Singapore-Saudi food bridge: Industry experts’ top tips for gaining entry and growing food business in the Middle East

By Pearly Neo

- Last updated on GMT

Singapore food businesses looking to expand to the Middle East must be prepared with next-level persistence. ©Getty Images
Singapore food businesses looking to expand to the Middle East must be prepared with next-level persistence. ©Getty Images

Related tags Singapore Saudi arabia Middle east

Singapore food businesses looking to expand reach to the Middle East must be prepared with next-level persistence and a longer-than-average financial plan to succeed - but the returns can be tenfold, according to industry experts.

This was the conclusion formed by the expert panel on food industry collaboration between Singapore and Saudi Arabia that convened at the recent JISR (Arabic for ‘bridge’) Beyond Borders & Horizons: A GCC-APAC Partnership business conference in Singapore.

The panel was comprised of Float Foods Executive Vice President Kelvin Ng and World Future Enterprises Founder Tonya Tan; and moderated by IncuBaker Studio  Partner & Director of Marketing and Business Development Farah Sami.

Ng highlighted the major similarities between Singapore and the GCC in terms of food security and an overwhelming dependence on imports, and how Float Foods’ plant-based egg OnlyEg had managed to identify a similar niche in both markets.

“Both markets eat a lot of eggs but have no local supply, and the Dubai municipality also faces a big issue with salmonella, as this can fester quickly due to the hot weather – which means that like Singapore it has to import its eggs making its supply subject to issues suhh as delays, cost increases and so on,”​ he told the floor.

“I see this market as an intermediary of sorts before going to markets like Germany, North America, the United Kingdom or Scandinavia where I think 99% of my alternative protein peers moved to after realising there is a relative lack of exuberance in Asia – especially as launching in any of the latter markets requires a huge amount of funds for launch.

“This is not to say that launching in the GCC or Saudi Arabia is easy by any means – the fact is that the culture and speed of things is very different in this market, and conversions are not likely to happen as quickly as one might expect in Asia, because it will take longer for a procurement team to put a new product into the system, longer for orders to be placed, and also longer to get paid for your product.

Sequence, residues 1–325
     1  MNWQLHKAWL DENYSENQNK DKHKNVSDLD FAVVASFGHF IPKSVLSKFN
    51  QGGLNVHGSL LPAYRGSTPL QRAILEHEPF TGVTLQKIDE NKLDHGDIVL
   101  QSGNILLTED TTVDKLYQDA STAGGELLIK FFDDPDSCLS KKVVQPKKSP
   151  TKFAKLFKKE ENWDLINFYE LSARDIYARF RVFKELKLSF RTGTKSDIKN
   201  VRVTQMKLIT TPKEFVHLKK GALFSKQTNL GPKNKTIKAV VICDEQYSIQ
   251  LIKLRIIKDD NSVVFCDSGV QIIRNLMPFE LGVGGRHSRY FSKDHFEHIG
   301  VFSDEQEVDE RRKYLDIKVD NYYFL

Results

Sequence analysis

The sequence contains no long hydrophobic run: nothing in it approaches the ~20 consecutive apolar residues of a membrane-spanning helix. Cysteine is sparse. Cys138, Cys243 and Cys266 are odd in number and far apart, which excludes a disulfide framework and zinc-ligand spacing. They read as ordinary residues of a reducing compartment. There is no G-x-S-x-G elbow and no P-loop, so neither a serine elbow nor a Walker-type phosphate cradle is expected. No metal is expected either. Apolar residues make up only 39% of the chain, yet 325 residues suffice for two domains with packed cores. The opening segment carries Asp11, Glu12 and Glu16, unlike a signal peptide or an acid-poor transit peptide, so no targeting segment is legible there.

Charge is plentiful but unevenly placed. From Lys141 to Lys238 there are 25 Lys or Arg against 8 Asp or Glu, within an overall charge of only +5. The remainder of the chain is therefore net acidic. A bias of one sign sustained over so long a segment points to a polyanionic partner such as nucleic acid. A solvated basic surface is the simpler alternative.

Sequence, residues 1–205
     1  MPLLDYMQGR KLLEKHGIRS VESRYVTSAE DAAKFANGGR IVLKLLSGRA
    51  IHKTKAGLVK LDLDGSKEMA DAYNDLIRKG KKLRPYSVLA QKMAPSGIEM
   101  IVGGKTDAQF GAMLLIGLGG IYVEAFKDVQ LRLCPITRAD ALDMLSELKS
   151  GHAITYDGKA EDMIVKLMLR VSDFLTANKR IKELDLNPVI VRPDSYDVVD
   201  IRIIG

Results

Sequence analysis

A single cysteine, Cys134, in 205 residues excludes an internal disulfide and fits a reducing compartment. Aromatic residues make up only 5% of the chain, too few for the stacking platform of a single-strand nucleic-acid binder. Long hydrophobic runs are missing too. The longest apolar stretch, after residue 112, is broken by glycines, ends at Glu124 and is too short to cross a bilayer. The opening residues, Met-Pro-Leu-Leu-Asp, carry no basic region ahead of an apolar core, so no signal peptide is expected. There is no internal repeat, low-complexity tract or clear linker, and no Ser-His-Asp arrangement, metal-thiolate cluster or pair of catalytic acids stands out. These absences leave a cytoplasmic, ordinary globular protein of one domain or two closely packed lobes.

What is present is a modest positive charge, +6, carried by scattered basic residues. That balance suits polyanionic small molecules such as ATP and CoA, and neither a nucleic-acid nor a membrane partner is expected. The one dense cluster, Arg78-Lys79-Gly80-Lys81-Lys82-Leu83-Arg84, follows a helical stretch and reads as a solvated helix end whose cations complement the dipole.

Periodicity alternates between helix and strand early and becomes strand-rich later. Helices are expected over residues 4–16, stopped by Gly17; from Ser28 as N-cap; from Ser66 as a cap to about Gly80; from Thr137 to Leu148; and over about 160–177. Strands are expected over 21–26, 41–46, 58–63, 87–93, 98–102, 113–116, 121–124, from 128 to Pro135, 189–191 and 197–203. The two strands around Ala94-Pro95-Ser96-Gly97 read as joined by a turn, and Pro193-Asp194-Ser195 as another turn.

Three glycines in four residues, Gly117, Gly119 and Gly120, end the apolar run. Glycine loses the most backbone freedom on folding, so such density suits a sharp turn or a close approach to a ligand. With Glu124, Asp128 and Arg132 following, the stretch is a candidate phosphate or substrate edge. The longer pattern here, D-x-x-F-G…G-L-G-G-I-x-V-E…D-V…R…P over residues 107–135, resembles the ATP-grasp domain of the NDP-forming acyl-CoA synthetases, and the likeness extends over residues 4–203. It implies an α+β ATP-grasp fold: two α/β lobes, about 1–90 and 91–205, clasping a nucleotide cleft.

“What this means is that launching in this market will require food companies to plan your cashflow further ahead and to last for a longer time – and any launch plans cannot be planned just 12 months ahead, you will need to plan at least 18 to 24 months ahead as circumstances such as Ramadhan for instance, or the hot summer months of temperatures more than 40°C likely mean that people are unwilling to talk to you or have left for cooler climates.”

Tan concurred, adding that knowing ‘where to play and how to win’ is very important in this region, and especially in Saudi Arabia where connections are particularly pertinent to accessing decision-makers.

“Saudi Arabia is the fastest-growing economy in the G20, and has the highest GDP in the Middle East – and more importantly, it is now much easier to do business here than before,”​ she said.

“Food has been established as a key growth sector in this market, and Singapore businesses have a good advantage here as Singapore has a ‘clean and green’ image in this region that Saudi envisions to emulate.

“The upcoming Saudi-Singapore Gastronomy project is envisioned as a bridge of sorts for Singapore food businesses to enter Saudi Arabia, particularly with prominent displays in hypermarkets and supermarkets to promote these – the whole idea is to enter as the industry from one nation, one country and work on local procurement based on this advantage.”

Persistence is key

Ng stressed that businesses must be ready to put in some 10 times the amount of persistence to gain success in this region – but that the rewards are likely to be 10 times greater too.

“The scale in the GCC is just different – think of it as if a restaurant has 30 branches in Singapore this will be seen as successful, but this would not be so there until said restaurant has at least triple digits worth of restaurants, that is how different the scale is,”​ he said.

“So even though running a business in this market may require say sending 10 emails or making 10 calls as opposed to just one email here in Singapore – meaning that one would need to be 10 times more persistent in the GCC – the rewards here are also 10 times better due to the scale.

“So the rewards far outweigh the inconvenience, and there is so much potential for Singapore and GCC markets such as Saudi Arabia to collaborate in food production, because Singapore has the required food technology whereas the GCC has the market size and also the lower energy costs needed to run factories – so working together can really produce results with amazing efficiency.”

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